Ram Jams: ‘Plastic Hearts’




Genre: Rock

On a Playlist With: Joan Jett, Blondie, Fleetwood Mac, Heart, The Struts, The Regrettes

Cyrus has spent the past decade-plus reinventing herself countless times as an increasingly edgy pop star, inching ever closer to but always just skirting around rock. “Rock Star” (Hannah Montana, 2007) notwithstanding, that is — it turns out that song was a prophecy.

We should have figured this out in 2011 when Miley Cyrus first shared a stage with Joan Jett (and then did it again, and again, and again). But it was only earlier this fall that a few impeccable covers took the internet by storm, featuring Cyrus in full ’80s-rock glam. Her effortless command of the genre was no coincidence.

With “Plastic Hearts,” her first bona fide rock album, Cyrus has finally found her niche. The album honors the couldn’t-care-less tone of Cyrus’ past projects and infuses it with a new purpose, like this is the music she is meant to make. 

If those covers of The Cranberries’ “Zombie” and Blondie’s “Heart of Glass,” both included on the album, didn’t convince you of Cyrus’ affinity for rock, her original tracks, beginning with “WTF Do I Know,” immediately will.

“WTF” boasts a gritty bassline and plenty of rebellious energy: “I’m not tryna have another conversation / Probably not gon’ wanna play me on your station / Pourin’ out a bottle full of my frustration.” The classic Jett lyric “I don’t give a damn ’bout my bad reputation” would fit right in. A few songs later, the sultry “Gimme What I Want” provides a similar independent attitude and an even moodier bass.

“Plastic Hearts” isn’t supposed to see Cyrus singing in the shadow of her forerunners. It’s supposed to see her carving her own place in the rock scene.

Beyond those standard hard-rock bangers, the album surprised me at every turn. For one, upbeat tunes are matched in nearly equal measure by ballads. The soulful “Angels Like You” is reminiscent of her subdued “Younger Now” era in 2017, and “High” is a perfect homage to Stevie Nicks’ sound. (A mashup of Cyrus’ “Midnight Sky” and Nicks’ “Edge of Seventeen” is also included at the end of the album.)

I thought the penultimate track, “Never Be Me,” would be my favorite ballad, with a soothingly light drumbeat that matches the album’s title tune (that one is closer to a banger, yet the same drum line somehow works equally well). But then came “Golden G String.” From the title, I expected to hear another defiant hard rocker to close out the tracklist. Instead, Cyrus delivers a raw, vulnerable exploration of her insecurities regarding her public image.

She alludes to her past controversies and sings of her ongoing journey of self-discovery: “There are layers to this body / Primal sex and primal shame / They told me I should cover it / So I went the other way / I was tryin’ to own my power / Still I’m tryin’ to work it out.” It deviates a bit from the rock sound, but its insight into the truth behind Cyrus’ musical reinventions, “Plastic Hearts” included, makes it one of the album’s best songs.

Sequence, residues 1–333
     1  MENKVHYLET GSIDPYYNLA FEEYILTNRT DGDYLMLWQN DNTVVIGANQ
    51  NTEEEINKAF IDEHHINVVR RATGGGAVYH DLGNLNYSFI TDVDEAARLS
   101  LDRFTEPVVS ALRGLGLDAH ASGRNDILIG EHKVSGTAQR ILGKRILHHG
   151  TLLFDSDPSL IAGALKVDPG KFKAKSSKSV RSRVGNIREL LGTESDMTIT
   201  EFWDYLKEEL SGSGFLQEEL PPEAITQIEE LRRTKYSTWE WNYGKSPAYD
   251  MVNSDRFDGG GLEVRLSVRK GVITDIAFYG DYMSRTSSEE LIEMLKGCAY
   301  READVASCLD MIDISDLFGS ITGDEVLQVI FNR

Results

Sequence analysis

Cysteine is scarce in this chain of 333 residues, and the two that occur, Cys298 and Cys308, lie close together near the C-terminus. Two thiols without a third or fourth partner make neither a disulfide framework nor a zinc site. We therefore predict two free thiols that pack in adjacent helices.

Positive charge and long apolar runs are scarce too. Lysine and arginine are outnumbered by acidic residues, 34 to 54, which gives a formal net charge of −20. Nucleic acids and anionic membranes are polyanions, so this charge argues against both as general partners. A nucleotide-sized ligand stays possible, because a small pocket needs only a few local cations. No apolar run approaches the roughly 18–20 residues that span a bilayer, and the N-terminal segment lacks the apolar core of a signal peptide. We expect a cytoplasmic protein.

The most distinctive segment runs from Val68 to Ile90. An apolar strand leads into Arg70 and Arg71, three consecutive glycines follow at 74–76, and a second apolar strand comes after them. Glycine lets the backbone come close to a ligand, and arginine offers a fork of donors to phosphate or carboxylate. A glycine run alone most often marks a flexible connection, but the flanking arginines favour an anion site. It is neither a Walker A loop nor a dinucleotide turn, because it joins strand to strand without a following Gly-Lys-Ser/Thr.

I was glad that the non-rock songs proved their worth. Prior to the album’s release, I worried the album would suffer for a lack of true rock since its lead singles, “Midnight Sky” and “Prisoner,” bleed with dance pop flair. I am willing to forgive those because “Midnight Sky” is one of the best songs Cyrus has ever made, with its dreamy melody that sounds like empowered new beginnings and the ends of nights out.

“Prisoner,” while not the most memorable track, still fits into the album’s ’80s sound with a hook that reminds me of Olivia Newton-John’s “Physical.” Plus, Cyrus found a delicious feature in Dua Lipa, who just released her own ’80s-inspired pop album (and made a ferocious addition to the song’s vampiric music video).

However, while Lipa and Cyrus complement each other well in “Prisoner,” it’s clear that Cyrus could have carried the song on her own. I was thus expecting Lipa to become the album’s least noteworthy guest. “Plastic Hearts” is supposed to honor ’80s rock, after all, so it was only fitting to bring in some help from some of its living legends: Billy Idol and (naturally) Jett.

What I didn’t expect was for these icons to all but fade, too, into the background. Idol is featured on “Night Crawling,” and the song’s punk-infused guitar rhythms smell of his influence from the first beat. He gets a fantastic second verse, but the track ultimately has the mere feel of two people having fun rocking out together. That’s not a bad thing by any means; it’s just less than I expected from him.

I was more underwhelmed by “Bad Karma,” which has a very demure Jett feature. She, too, gets a solo verse, but it lacks her signature attack, and it’s nothing Cyrus couldn’t have sung. Quite honestly, Jett’s voice sounds so similar to Cyrus’ on this track that I almost didn’t realize Jett came in — and this is coming from someone who listens to a lot of Joan Jett.

But perhaps that’s for the best. “Plastic Hearts” isn’t supposed to see Cyrus singing in the shadow of her forerunners. It’s supposed to see her carving her own place in the rock scene.

If she can make Billy Idol and Joan Jett look like backup singers and present plenty more infectious solo music to boot, I’d say she’s earned it.

The Bottom Line: Few songs on “Plastic Hearts” stand out on their own, but together they show that Cyrus has room to grow into a long and successful rock career.

The Peaks: “WTF Do I Know,” “Midnight Sky,” “Golden G String”

The Valleys: “High,” “Bad Karma”

The Verdict: 8/10